ARISE® Internet and Technology Intervention
Cell phones, laptops, email, and devices with 24/7 Internet access dominate our modern world – our lives are in a place where we are now connected and available nearly any place, at any time. We are now more wired than ever. Internet and technology addiction is a modern epidemic, as our lives become more connect and we become busier the line between how much is too much screen time becomes increasingly blurred. The inventors and owners of our Internet-based social media predicted 5 years ago that in 10 years’ time, our teenagers would be relating to their social media more than to their own families. That time is rapidly approaching – if not already here.
Internet Addiction Disorder
Internet addiction disorder (IAD), also known as problematic Internet use (PIU) or compulsive Internet use (CIU), refers to excessive computer or internet usage to the point that it interferes with daily life. Internet addiction disorder is a process addiction or compulsive disorder much like compulsive shopping/spending, sex addiction, hoarding, compulsive eating, gaming addiction or gambling addiction. Studies show that the same brain structural changes are present in those with an Internet addiction disorder as those addicted to drugs or alcohol.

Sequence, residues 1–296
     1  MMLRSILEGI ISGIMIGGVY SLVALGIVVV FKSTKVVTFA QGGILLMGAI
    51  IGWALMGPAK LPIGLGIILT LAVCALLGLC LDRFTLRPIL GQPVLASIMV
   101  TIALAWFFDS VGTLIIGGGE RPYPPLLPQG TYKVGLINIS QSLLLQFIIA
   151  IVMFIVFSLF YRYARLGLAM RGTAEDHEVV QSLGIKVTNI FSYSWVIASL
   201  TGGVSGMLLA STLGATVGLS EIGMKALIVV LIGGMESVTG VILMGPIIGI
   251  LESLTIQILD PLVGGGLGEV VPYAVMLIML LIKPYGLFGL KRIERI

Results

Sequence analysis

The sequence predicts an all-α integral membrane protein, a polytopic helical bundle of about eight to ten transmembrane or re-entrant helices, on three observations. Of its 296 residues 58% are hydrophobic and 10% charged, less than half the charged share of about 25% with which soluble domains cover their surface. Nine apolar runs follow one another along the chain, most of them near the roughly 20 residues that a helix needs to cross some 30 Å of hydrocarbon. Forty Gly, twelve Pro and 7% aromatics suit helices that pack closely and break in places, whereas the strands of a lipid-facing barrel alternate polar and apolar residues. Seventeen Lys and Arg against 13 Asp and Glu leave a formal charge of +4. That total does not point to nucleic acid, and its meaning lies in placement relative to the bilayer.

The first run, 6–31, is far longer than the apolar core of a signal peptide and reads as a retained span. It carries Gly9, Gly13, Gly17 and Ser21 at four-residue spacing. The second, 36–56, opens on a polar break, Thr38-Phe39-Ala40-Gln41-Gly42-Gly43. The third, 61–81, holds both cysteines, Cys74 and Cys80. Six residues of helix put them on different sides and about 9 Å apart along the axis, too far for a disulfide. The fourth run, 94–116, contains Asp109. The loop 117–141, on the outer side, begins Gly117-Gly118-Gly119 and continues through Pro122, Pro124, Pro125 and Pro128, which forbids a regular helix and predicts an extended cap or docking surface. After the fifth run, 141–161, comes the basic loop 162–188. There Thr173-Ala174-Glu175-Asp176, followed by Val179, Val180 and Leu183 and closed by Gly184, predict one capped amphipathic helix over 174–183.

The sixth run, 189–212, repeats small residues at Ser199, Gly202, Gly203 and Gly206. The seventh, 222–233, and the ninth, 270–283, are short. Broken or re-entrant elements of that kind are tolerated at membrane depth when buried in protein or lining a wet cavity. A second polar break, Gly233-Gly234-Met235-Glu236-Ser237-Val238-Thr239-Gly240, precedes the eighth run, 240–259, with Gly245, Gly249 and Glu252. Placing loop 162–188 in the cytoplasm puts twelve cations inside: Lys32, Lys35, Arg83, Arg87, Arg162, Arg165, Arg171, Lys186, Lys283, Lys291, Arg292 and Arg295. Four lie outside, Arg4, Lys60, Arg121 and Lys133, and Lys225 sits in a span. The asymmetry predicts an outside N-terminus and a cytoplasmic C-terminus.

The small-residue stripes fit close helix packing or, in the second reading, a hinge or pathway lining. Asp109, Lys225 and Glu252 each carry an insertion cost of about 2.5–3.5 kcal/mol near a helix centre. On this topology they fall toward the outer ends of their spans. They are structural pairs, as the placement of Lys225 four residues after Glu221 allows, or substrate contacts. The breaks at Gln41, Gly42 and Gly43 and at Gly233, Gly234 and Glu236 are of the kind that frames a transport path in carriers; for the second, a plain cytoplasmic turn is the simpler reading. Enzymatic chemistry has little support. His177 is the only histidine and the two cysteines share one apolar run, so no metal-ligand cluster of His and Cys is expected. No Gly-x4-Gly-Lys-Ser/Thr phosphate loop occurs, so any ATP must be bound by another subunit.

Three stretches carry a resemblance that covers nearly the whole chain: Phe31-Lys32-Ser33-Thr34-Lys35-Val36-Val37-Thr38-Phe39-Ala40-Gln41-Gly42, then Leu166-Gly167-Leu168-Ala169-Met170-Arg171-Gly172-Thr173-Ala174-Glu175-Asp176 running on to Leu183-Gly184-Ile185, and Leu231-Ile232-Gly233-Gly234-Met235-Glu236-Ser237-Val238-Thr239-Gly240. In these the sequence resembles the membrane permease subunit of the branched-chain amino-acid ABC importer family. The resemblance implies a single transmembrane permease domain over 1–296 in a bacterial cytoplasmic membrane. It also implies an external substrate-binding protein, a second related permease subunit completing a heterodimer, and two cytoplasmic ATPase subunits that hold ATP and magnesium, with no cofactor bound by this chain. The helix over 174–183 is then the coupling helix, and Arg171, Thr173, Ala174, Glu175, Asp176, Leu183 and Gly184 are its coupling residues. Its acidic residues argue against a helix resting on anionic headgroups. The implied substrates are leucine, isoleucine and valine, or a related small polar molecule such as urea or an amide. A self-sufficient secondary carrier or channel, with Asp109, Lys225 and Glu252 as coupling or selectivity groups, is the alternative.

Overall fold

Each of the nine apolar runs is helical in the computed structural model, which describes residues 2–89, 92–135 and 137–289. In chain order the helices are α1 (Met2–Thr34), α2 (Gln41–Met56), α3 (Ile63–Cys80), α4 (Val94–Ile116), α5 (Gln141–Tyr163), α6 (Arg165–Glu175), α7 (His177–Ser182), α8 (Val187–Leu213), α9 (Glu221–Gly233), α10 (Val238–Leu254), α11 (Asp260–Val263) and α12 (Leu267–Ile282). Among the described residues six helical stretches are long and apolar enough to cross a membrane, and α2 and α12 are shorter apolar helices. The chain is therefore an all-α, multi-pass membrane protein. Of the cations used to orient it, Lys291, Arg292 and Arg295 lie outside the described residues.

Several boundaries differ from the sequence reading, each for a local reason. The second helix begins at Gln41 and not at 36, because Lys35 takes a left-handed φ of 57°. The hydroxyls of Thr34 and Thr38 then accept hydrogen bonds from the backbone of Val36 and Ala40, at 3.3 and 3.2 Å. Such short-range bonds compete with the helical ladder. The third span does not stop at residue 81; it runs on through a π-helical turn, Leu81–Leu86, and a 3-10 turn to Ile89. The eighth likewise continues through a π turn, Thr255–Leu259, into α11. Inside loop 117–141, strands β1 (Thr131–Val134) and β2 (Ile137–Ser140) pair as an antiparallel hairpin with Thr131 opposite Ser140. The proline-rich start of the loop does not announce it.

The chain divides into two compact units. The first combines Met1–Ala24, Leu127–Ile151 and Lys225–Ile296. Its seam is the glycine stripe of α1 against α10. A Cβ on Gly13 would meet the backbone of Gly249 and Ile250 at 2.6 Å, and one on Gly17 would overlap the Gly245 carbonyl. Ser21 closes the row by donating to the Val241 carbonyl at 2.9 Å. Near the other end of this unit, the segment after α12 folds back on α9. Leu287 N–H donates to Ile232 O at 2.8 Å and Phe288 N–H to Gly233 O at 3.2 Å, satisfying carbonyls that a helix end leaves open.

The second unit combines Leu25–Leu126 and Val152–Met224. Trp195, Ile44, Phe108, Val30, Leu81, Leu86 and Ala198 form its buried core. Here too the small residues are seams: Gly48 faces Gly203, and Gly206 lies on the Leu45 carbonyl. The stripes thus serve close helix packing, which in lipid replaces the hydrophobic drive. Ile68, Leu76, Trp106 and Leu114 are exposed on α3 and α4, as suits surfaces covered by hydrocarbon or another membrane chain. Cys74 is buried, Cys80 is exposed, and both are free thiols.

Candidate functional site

Many people addicted to Internet may begin to show signs of pulling away from their non-digital lives and connecting more with the experiences online. Usage becomes a problem when the amount of time needed to feel satisfied by the Internet increases to the point that it begins interfering with the Person of Concerns daily life. Those struggling with Compulsive Internet Usage will experience an interruption of typical daily life, social relationships, work, and physical health. Even in the face of negative consequences, the Person of Concern is unable to pull away from the lure of online and internet activities.